Infant formula 101: How to make the best choice for baby
Parenthood brings on a myriad of choices. Mom and Dad need to decide on a name, sleeping arrangements and parenting methods, just to name a few. But for many parents, one of the most daunting choices to make is selecting the right formula to meet their little one's nutritional needs.
Although many new mothers decide to breastfeed, some find formula feeding is the best or only option. The infant nutrition aisle at your local grocer has an array of formula choices in nearly every size, color and brand - how can a parent pick the right one?
According to experts, parents can rest assured that all infant formulas sold in the United States are governed by the Infant Formula Act, a law stating that infant formulas have to meet specific nutritional requirements to ensure infants are getting the nutrients needed for growth and development.
A few key tips can help parents choose the formula that best meets the need of their growing infant.
Pick a protein
One big difference among infant formulas is the type of protein used. Milk-based formulas have milk-protein, and the soy-based formulas get their protein from soy. There also can be differences in the fat, protein or carbohydrate sources and levels between varieties. Most formula-fed infants are fine to start out on milk-based formulas.
Do name-brands provide benefits?
All of the generic store-brand formulas are made by the same manufacturer. The difference between these and their name-brand counterparts is that name-brand formulas usually provide more cutting-edge nutrition, like supplementing their formula with DHA. Generic brands eventually catch up and follow suit with the new-found nutritional additions, making them just as good. Bottom line: generic formulas are fine to use.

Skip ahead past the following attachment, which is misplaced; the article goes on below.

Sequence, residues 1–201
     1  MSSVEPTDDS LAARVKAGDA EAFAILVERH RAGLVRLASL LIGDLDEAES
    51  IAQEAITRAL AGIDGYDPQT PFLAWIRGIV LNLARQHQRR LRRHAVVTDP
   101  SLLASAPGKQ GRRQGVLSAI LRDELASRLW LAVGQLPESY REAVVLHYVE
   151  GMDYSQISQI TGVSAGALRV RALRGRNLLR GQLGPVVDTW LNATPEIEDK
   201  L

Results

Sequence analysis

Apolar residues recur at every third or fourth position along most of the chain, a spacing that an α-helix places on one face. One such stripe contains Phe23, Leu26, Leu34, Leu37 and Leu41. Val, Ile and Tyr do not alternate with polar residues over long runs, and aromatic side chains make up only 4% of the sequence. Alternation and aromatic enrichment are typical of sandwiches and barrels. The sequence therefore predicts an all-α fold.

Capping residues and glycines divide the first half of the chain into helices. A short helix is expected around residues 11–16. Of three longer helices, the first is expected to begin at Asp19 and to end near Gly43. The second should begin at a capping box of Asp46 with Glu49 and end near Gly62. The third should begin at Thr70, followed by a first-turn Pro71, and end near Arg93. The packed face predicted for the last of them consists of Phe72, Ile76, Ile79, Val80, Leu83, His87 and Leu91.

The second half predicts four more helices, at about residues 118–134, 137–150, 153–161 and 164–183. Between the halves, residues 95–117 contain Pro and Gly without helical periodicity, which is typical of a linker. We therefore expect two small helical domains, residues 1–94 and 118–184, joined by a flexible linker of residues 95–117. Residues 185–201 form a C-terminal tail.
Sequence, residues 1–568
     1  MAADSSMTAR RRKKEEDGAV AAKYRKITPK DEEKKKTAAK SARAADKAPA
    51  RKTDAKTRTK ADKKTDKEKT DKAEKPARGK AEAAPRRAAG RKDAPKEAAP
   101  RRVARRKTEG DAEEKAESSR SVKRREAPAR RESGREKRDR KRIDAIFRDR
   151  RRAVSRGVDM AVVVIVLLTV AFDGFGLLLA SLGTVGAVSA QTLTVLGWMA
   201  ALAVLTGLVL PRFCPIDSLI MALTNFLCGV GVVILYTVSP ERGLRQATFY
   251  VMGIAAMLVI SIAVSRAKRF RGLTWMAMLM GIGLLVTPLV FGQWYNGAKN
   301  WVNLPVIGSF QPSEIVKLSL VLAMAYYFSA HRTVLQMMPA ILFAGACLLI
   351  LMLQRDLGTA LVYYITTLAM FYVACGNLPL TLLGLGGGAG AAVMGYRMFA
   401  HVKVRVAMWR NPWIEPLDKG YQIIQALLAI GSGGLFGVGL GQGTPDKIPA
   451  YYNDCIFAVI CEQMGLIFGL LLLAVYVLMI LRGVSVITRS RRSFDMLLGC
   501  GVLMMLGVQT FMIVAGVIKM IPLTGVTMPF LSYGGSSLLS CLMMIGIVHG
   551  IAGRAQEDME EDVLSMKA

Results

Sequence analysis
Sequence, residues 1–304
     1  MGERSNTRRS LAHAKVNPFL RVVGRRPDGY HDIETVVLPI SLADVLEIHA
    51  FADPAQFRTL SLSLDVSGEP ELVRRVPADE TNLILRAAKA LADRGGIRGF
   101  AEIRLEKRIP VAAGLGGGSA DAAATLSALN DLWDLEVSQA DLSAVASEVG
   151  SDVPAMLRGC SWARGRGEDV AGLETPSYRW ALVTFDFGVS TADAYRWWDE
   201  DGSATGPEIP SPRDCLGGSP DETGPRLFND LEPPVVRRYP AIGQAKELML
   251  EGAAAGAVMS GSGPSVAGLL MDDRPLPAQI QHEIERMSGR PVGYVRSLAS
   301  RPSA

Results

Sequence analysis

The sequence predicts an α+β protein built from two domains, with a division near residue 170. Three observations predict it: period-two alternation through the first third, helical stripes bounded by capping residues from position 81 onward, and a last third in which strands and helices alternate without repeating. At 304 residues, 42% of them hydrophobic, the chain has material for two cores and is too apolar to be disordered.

DHA supplements are smart
Many infant formulas are supplemented with DHA, a type of omega 3 fat that's important in brain and nervous system development, as well as assisting with visual processing. DHA has been shown to be especially helpful to premature infants and may be important for the full-term infant. Since it is naturally found in breast milk, formula companies have noted its importance and have started adding it to their product. Most formulas now contain DHA, but it is often labeled in different ways. Read the labels carefully to be sure.
Powder vs. liquid
Generally, liquid formulas are more expensive but offer the convenience of being ready-to-feed and they also eliminate mixing errors. Concentrated liquid formulas are also available, but will need to be diluted. All liquid formulas must be refrigerated after opening and ready-to-feed liquids should never be diluted with water. Powder formula is usually cheaper and easier to carry, along with water for mixing. It's also important that powder-based formula is mixed well so the infant receives all the nutrition available. Both liquid and powder-based formulas that are in a bottle, ready to feed, should be refrigerated.
Nutritional experts from Nationwide Children's Hospital provided the information for this column.
Is your child hungry?
- Newborn babies will have clenched hands when they are hungry. Their hands will relax as they become full.
- Infants should eat every two to three hours.
- Spitting up after feeding usually means the infant is consuming too much in one feeding.
- If your child falls asleep while eating, he or she probably has had enough.
- Crying can be a good indicator of hunger, but make sure to check the little one's diaper and body temperature to determine if the cry is hunger-related.